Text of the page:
How relevant is Katie Couric’s presence on CBS News? About as relevant as CBS News itself. In other words, not very.
In 1965, we all got our news in the early evening. First the local station for 30 minutes. Then the three networks brought national and international news. Cronkite, Huntley/Brinkley, and…and…who was on ABC back then?…fought it out for viewer eyeballs. These men were icons of the news, and they claimed a certain level of credibility by the sheer weight of their ratings.
That monopoly – and fight for advertising dollars – no longer exists. We now have a much broader choice of alphabet soup from CNN, Fox, MSNBC, PBS and their various segmentations. The major networks no longer have the volume of viewers, nor do their news operations have the same cachet they did forty years ago.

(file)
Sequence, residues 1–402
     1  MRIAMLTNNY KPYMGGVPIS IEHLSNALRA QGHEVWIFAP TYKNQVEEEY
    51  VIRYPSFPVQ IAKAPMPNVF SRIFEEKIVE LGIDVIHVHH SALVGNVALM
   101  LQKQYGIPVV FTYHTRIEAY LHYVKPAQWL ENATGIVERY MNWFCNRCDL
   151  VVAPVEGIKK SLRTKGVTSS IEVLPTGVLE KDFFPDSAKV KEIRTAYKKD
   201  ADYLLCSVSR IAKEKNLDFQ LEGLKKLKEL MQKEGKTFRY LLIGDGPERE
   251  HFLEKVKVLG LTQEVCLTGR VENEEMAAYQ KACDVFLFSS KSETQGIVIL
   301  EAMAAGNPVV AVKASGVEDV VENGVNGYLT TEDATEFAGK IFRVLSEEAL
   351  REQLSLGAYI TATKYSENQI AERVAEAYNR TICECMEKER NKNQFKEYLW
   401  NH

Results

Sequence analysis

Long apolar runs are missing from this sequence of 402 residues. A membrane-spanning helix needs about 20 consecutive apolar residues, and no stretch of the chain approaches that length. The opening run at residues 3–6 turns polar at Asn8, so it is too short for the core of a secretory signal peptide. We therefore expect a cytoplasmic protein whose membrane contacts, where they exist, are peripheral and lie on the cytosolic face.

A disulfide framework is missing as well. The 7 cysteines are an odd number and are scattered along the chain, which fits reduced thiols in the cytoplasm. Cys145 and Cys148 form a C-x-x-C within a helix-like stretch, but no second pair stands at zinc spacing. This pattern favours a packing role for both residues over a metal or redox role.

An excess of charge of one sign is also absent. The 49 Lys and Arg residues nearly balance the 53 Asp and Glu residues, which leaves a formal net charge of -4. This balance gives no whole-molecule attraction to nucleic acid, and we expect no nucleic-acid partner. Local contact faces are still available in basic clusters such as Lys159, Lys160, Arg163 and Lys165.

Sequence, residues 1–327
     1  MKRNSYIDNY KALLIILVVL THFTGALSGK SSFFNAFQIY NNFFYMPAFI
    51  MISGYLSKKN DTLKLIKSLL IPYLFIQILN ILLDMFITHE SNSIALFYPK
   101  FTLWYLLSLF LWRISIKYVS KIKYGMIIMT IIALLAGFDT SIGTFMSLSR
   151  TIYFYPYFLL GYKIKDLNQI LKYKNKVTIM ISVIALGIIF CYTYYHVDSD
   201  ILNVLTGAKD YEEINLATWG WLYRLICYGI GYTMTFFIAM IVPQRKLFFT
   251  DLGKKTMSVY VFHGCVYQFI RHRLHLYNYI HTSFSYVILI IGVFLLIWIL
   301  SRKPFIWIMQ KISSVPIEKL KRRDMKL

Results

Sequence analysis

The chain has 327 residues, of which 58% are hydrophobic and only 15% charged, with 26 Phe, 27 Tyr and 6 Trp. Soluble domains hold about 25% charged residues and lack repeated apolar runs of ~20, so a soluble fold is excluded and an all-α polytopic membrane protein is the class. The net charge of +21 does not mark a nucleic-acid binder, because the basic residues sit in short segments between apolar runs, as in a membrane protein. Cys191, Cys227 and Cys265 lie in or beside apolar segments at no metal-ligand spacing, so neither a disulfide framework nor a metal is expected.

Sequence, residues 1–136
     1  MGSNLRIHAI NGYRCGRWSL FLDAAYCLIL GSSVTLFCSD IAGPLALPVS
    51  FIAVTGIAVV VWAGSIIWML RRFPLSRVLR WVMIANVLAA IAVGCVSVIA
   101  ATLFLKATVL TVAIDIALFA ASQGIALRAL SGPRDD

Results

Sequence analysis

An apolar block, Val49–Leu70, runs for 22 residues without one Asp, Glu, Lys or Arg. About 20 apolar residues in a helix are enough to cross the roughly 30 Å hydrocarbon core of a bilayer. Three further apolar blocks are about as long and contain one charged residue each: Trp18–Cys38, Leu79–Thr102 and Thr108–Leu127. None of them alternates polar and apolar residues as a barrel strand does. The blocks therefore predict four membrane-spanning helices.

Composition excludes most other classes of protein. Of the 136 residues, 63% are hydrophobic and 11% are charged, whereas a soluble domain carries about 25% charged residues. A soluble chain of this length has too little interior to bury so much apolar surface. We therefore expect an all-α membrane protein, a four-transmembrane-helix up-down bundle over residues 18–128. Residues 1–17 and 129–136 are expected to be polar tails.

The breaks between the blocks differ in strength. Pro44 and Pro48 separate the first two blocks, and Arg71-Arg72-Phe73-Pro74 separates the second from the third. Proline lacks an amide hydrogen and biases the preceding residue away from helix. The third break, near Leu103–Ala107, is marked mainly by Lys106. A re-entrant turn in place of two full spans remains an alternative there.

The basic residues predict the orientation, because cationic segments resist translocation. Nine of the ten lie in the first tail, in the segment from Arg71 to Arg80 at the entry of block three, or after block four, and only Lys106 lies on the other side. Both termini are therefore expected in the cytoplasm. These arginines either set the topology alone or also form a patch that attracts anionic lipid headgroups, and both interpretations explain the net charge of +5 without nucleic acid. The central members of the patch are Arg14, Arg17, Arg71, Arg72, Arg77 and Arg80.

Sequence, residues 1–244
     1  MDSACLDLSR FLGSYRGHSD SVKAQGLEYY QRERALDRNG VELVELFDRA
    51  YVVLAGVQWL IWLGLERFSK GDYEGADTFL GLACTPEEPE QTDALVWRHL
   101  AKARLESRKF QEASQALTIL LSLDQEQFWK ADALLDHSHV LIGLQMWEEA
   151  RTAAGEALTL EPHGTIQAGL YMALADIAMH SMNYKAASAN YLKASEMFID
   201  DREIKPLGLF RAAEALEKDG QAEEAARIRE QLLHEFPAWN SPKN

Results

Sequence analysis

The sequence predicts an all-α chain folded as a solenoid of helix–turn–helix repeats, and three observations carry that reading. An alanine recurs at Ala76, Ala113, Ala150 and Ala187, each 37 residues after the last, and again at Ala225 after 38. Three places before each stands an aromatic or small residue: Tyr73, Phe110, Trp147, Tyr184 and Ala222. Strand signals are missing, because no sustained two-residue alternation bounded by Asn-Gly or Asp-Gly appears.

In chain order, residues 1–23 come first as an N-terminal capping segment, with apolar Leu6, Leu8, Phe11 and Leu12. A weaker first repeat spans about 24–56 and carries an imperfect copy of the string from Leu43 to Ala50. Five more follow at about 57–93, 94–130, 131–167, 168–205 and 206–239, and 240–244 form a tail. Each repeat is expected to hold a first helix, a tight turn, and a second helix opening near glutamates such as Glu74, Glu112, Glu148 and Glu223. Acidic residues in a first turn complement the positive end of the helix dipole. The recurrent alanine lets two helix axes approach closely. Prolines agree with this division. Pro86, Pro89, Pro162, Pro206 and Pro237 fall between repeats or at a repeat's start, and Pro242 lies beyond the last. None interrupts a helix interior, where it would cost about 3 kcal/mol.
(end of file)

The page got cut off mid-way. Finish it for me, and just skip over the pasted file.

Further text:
Katie may sit in Walter’s chair, but she doesn’t sit on the same pedestal.
And it has nothing to do with gender. The cable stations have had numerous female anchors, even going solo in front of the teleprompter. As one columnist noted today, when Katie Couric signed a $15million-a-year contract, she was the first female anchor to get a major promotion. But she was no Jackie Robinson:
Actually, the minute Katie Couric was given a $15 million paycheck to read from a teleprompter for 15 or 20 minutes a night, women won. Women have been doing that at the BBC and on American cable stations for years, and for a lot less dough. Jackie Robinson represented a revolution; Katie Couric represented a promotion.
The sad truth is, women only get to the top of places like the network evening news and Hollywood after those places are devalued. (Maureen Dowd, New York Times, 9-6-2006)